Drummer Chris Frantz is a founding member of Talking Heads, one of the most original and successful bands of the ’80s post-punk era. He provided the backbeat for such classics as “Burning Down The House,” “Psycho Killer” and “Once in a Lifetime” (to name only a few). During the mid-’70s, Talking Heads formed in New York City and took up residence at the famed CBGB club, which would start the path to a record deal, radio airplay, world tours and ultimately induction into the Rock & Roll Hall of Fame in 2002. Along with Frantz’s bandmate and wife, Tina Weymouth, the couple also released six titles (from 1981 to 2012) as Tom Tom Club, which produced more radio play with “Genius of Love” and “Wordy Rappinghood.”
Talking Heads would release 10 albums (including two “live” releases) between 1977 and 1988, they remain a staple on classic rock radio and have gone on to sell more than 10 million albums worldwide.
Recently, Frantz gave Goldmine the 10 albums that changed his life.
— Joe Milliken
The Beach Boys, Surfin’ USA
I never actually surfed, but The Beach Boys’ music made me feel as if I had. I had not been to California either, but their music made me feel as if I had been. There was something about their records that was not only fun, but inclusive. Sitting in my bedroom in Pittsburgh, I was transported to those sunny beaches.
James Brown, Live At The Apollo
I was introduced to this album by a classmate at boarding school, who took one look at my record collection and realized that something was missing... that something was soul music. This album was a revelation to me and led to my lifelong love of James Brown and his band’s music.
Otis Redding, Dictionary of Soul
Like James Brown, Otis Redding opened the door for me to funky southern soul and the Memphis sound of Stax Records — which also included Booker T. & The MG’s, Sam & Dave, Rufus Thomas and The Staple Singers. Motown was all over the radio at the time and I loved that, too, but it was Redding and that funky Memphis sound that really got me hooked.
I remember hearing “I Want To Hold Your Hand” on the radio while riding in the back of my friend’s station wagon. His mother, who was behind the wheel, turned it up loud... Moms loved The Beatles, too! Not long after, The Beatles appeared on the Ed Sullivan Show and it seemed the entire country was beguiled by them. Today, people talk about the popularity of Taylor Swift or Billie Eilish, but Beatlemania was so powerful that no artist today can even compare.
The Rolling Stones, Out of Our Heads
Just when I discovered The Beatles and been totally captivated by their music and charisma, along came The Rolling Stones. If The Beatles were sweet and clean, The Stones were naughty and nasty. Their music was completely based on blues and they had a badass, hip-shakin’ vibe. When “(I Can’t Get No) Satisfaction” hit the airwaves, it was all over for me and I was a serious fan.
Bob Dylan, Highway 61 Revisited
I remember reading that Dylan’s lyrics elevated the popular song to the level of fine art. There was a certain beatnik, literary hipness about him. “Like A Rolling Stone” captured my attention from the first crack of the snare drum at the top of the song. I think I memorized all the lyrics to this album by heart, then I discovered his previous folk albums. Dylan’s voice was not exactly what radio programmers were looking for, but one day, Boom! Even The Beatles were looking to him.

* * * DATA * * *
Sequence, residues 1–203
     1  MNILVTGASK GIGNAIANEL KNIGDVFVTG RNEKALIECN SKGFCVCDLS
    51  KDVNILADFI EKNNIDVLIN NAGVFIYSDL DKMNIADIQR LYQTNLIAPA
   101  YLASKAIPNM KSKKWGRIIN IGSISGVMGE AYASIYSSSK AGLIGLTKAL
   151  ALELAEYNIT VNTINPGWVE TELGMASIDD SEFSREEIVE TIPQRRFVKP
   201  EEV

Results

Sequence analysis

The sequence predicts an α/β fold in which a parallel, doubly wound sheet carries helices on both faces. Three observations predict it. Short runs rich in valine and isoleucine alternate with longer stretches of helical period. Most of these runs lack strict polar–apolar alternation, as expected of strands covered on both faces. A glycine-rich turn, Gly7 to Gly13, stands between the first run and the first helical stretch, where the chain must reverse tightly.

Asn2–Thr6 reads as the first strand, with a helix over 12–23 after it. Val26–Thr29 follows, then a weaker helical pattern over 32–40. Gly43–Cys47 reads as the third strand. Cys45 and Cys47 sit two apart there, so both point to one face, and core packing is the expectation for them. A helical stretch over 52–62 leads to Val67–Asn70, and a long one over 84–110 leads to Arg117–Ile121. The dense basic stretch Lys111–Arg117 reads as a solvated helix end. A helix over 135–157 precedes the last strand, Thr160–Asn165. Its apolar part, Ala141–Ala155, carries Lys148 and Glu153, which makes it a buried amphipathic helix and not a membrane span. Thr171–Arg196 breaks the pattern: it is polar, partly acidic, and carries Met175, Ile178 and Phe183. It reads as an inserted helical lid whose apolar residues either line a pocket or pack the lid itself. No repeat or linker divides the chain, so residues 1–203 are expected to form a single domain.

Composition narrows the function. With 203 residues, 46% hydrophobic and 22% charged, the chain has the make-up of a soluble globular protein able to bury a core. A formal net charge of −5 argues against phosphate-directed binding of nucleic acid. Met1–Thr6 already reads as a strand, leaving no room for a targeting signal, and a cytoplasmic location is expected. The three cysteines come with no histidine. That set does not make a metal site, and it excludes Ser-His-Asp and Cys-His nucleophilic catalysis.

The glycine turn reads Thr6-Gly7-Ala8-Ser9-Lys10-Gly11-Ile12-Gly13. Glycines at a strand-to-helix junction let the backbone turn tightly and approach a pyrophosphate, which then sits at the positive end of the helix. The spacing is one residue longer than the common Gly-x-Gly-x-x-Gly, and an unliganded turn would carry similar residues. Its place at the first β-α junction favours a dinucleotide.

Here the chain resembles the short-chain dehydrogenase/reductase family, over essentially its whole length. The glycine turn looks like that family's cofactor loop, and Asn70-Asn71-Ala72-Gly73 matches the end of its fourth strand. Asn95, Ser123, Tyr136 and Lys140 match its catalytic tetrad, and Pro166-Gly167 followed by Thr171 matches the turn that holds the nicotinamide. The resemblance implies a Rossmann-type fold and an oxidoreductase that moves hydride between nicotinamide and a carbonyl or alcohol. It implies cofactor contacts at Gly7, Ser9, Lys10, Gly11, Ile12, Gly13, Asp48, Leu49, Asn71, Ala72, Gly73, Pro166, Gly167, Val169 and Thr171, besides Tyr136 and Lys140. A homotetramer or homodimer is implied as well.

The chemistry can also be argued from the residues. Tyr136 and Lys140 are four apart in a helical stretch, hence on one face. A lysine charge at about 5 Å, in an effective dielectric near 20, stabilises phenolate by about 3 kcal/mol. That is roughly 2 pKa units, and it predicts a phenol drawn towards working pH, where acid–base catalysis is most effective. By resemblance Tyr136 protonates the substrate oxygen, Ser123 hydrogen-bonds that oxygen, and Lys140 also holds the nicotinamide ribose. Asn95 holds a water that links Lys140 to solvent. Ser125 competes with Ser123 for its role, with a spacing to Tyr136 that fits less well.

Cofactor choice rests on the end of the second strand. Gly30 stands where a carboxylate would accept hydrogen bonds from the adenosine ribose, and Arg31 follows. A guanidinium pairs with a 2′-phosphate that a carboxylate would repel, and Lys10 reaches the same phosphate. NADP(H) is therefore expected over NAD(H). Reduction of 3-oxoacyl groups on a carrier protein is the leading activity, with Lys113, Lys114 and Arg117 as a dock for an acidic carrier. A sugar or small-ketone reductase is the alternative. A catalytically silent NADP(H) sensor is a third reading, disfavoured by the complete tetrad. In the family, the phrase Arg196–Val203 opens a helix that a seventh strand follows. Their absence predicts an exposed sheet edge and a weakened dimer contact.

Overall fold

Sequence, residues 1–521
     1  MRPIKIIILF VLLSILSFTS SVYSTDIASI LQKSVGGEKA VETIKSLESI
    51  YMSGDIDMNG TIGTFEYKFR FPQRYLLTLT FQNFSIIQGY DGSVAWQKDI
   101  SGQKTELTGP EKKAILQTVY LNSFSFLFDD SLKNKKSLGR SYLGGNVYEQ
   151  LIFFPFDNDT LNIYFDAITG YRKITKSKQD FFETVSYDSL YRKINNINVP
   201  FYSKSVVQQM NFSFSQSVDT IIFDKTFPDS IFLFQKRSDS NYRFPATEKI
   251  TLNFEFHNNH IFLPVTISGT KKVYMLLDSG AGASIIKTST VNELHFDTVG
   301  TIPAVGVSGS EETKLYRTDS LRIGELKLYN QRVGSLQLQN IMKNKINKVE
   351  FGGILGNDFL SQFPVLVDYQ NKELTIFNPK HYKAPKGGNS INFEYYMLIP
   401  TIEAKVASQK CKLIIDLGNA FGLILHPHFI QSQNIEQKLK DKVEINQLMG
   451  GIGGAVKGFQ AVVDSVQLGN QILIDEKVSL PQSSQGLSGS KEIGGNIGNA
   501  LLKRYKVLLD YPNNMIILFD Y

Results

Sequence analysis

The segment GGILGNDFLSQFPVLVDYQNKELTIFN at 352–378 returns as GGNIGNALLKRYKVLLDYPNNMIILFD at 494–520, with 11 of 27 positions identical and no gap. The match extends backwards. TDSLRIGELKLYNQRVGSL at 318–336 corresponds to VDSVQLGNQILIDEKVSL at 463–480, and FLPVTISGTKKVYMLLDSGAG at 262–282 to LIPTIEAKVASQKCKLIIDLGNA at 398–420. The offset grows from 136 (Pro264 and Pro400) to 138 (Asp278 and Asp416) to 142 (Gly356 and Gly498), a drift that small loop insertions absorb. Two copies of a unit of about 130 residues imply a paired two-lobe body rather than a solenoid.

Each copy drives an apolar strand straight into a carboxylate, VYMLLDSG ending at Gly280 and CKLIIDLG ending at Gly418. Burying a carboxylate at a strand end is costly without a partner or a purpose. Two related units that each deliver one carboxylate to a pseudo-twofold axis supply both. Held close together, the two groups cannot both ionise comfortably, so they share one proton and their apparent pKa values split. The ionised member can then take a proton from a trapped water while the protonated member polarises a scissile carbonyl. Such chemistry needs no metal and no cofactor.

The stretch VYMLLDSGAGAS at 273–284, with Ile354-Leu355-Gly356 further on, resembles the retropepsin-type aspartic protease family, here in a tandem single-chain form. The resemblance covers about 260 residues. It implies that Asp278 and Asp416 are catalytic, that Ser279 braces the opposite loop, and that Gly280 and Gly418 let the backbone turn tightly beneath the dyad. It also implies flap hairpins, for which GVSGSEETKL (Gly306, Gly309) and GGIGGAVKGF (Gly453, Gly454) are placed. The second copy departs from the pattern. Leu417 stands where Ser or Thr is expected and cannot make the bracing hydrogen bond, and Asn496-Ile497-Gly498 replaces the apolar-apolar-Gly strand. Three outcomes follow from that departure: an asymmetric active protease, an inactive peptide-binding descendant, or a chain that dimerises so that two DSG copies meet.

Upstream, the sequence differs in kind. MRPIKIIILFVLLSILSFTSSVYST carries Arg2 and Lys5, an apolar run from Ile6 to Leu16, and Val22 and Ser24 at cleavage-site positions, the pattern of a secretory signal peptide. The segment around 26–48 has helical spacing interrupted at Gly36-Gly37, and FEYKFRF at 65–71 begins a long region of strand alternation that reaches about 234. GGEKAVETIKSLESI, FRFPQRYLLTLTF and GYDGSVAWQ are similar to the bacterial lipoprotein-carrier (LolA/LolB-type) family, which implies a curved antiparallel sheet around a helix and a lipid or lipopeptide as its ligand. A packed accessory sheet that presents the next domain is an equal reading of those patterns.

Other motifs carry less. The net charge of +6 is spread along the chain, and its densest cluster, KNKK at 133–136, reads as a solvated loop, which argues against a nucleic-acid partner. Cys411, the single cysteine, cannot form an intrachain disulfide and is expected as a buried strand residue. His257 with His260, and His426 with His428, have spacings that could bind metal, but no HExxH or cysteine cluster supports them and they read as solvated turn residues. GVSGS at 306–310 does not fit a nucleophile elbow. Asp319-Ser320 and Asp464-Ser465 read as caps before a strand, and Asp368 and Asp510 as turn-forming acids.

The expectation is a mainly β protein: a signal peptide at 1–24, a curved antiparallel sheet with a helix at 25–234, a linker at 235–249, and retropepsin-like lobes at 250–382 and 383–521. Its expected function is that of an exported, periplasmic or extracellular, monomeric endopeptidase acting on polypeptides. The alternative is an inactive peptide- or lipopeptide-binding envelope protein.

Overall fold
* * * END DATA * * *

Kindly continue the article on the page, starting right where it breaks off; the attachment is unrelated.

David Bowie, The Rise And Fall of Ziggy Stardust
I was an art student at the Rhode Island School of Design (RISD) when this album came out. As soon as I heard a couple songs played on WBRU FM, I went to the record store and bought it. I played it a lot in my apartment and every song on the album is great. What a singer, what a persona, and what a band! This record was a game-changer!
Lou Reed, Transformer
“Walk on the Wild Side,” which was written and sung by Lou, arranged by Mick Ronson and produced by David Bowie, was a megahit. The risqué theme is complimented by a beautifully performed sliding bass, drums with brushes and ethereal background vocals. I’ve loved it from the first listen, and the rest of the album is marvelous, too.
Jimmy Cliff, The Harder They Come
This was my introduction to reggae music. Tina (Weymouth) and I drove from Providence to Boston to see a screening of the film starring Jimmy Cliff. The Jamaican patois spoken was so incomprehensible to Americans that the film had subtitles. This amazing soundtrack of reggae greats including Cliff, Desmond Dekker and Toots and The Maytals was something I’d been waiting to hear without realizing it. It was a new form of expression.
In 1974, Tina and I helped organize a day trip to New York City for a group of us RISD painting students. At the end of the day and before driving home, we entered the Spring Street Bar and ordered a couple beers. There was an old jukebox and someone had played the same song for the entire time we were there. It sounded new and interesting, robotic and classically romantic at the same time.